Username, keep the faith. Get your learn on. Be sure there is more than one "once in a lifetime" deal.
07-12-2005 01:11 PM

Go for it, and dont let so many talk you out of it. You have to start somewhere. I have never been afraid of trying or doing something i have never done before, this is how you learn. When i built my 1917 T i started with alot less than this, and i had to teach myself everything, body work, paint,"etc". I spent many hours doing research on the 1917 T, and after 10 months and a lot of hard work it was done. If you have problems along the way that is what this site is all about, getting help. You are at the right age to get started in this great hobby, so stick with it, and dont rush it.
07-12-2005 11:16 AM
willowbilly3 I would generally agree on the experience part but start with something that isn't quite so needy so you don't get discouraged or overwhelmed by it. If you have the equipment and assistance to tackle it then I say go for it. My point is that it takes a fairly well equipped shop to do fabrication and if you don't have access to the equipment and at least rudimentary skills in using the stuff then maybe the scope of a full on build like this isn't the place to start. Personally, I built my first jalopy from the ground up when I was younger than you but I had already been welding and using the cutting torch for several years and I had access to everything I needed, including a pickup to haul stuff home in.
07-12-2005 07:19 AM
Yup indeed

Yes I am with what Cboy said here..will take a young fellow a while to get that thing together but it will be a learning experience and he woudl have accumulated a whole new set of skills by the time he is done with it..

May be a stopping spot or two along the way while he gets his toolbox together..that can be overcome tho..

07-12-2005 07:07 AM
Originally Posted by willowbilly3
This is really a bargain and you probably should jump on it, but only to make some money. There are very few 17 year old kids with enough experience to finish a car like this on their own. There will be tons of fabrication and welding to start with and unless you are already versed in welding and have access to the equipment then you will never see this car on the street.
Interesting. When I saw the pics my reaction was just the opposite. A perfect "learning" project for the beginner. My guess is a lot of us on this forum started out with something quite similar at 16 or 17. It's how we learned rudimentary welding, fabrication, suspension, engine, transmission and painting skills. None of us had "enough experience" when we started a project like this. That is the point.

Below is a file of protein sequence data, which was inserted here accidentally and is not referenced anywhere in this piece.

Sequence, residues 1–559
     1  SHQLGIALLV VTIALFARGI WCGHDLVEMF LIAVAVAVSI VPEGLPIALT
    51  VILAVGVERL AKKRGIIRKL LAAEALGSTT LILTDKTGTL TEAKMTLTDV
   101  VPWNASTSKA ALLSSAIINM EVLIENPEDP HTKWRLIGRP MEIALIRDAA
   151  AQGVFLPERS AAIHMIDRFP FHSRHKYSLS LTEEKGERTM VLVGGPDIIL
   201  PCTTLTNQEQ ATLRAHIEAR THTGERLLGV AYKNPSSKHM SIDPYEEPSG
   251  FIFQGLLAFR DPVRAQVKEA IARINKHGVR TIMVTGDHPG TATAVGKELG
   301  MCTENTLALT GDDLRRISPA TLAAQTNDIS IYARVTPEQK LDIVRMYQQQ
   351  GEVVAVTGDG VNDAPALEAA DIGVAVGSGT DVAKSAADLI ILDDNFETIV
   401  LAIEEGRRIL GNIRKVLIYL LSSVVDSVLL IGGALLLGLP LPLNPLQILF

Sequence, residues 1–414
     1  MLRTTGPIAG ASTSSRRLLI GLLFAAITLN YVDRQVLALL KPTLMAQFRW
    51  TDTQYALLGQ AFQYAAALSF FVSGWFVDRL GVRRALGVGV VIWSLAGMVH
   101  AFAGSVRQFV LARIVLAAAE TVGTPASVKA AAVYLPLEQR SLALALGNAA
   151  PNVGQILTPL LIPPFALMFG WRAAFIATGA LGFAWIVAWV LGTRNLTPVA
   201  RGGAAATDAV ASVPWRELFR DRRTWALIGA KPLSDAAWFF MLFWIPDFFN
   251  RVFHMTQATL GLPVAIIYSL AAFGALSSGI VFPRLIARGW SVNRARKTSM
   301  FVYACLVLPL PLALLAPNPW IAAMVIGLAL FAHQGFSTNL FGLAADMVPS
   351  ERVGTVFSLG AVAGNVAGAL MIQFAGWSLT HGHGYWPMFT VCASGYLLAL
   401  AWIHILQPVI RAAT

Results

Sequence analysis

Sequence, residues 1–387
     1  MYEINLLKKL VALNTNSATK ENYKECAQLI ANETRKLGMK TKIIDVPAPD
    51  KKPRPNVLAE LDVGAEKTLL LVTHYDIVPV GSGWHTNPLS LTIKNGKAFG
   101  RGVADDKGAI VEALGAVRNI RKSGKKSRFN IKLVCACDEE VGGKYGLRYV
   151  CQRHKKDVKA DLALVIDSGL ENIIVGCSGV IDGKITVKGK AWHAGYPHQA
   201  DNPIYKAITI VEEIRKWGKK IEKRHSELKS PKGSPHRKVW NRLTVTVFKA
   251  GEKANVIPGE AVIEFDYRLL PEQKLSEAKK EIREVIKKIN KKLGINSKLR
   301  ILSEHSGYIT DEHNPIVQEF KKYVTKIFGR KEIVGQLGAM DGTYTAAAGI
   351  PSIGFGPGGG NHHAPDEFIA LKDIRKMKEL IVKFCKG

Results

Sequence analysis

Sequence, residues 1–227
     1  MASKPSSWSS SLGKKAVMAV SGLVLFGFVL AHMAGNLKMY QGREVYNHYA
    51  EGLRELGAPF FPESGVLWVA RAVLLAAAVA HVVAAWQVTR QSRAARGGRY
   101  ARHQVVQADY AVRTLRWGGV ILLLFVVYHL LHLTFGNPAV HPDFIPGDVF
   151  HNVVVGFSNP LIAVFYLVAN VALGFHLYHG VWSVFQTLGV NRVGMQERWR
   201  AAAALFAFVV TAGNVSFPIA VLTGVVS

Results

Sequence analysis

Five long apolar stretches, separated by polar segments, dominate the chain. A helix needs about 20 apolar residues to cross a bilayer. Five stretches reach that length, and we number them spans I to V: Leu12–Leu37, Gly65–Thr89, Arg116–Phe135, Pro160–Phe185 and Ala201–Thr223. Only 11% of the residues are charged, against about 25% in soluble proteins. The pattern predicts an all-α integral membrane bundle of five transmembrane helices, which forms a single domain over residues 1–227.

Would the username bucket be easy? Nope. But I'm not sure it ought to be easy. Easy doesn't teach us much. It is the challenge of the unknown that provides the education. Obviously, if username needs an instant "driver" this is not the car for him. This is a "project" car...and will be months if not years in the making. It's an entry level hot rod at an entry level price.
07-12-2005 12:57 AM
willowbilly3 Looks like an old Ford banjo rear end. This is really a bargain and you probably should jump on it, but only to make some money. There are very few 17 year old kids with enough experience to finish a car like this on their own. There will be tons of fabrication and welding to start with and unless you are already versed in welding and have access to the equipment then you will never see this car on the street.
07-12-2005 12:48 AM
Originally Posted by crazy larry
I was passing through town the other morning, there was a metal bucket body, by itself, in front of a shop. had $300 on it. When i went back through that afternoon, it was gone.
And you never called? You should have tied it to the roof of your ricer.
07-09-2005 02:28 AM
thisisausername im looking for a bit more kick than a 4 or 6 though, but I agree with the problems I would probably have with insurance...would likely get it insured under parents. The car I have now already gets high 14's stock and was cheap, has cheap insurance, easily seats 4, and gets very good gas mileage . I did my research and bought a 4th gen nissan maxima 5 spd...very good car for how cheap they are (about 4-5k). Slightly faster than a mustang GT, Tuarus SHO, Acura Integra GSR, and Mitsubishi Eclipse of the same year... only it's a total sleeper. My friend who is also into cars thought it was such a good deal that he bought one himself shortly after. Motortrend gave it's engine a spot on it's "top ten engines of all time", and Car and Driver gave it import car of the year the year it came out. neways... enough rambling, back to topic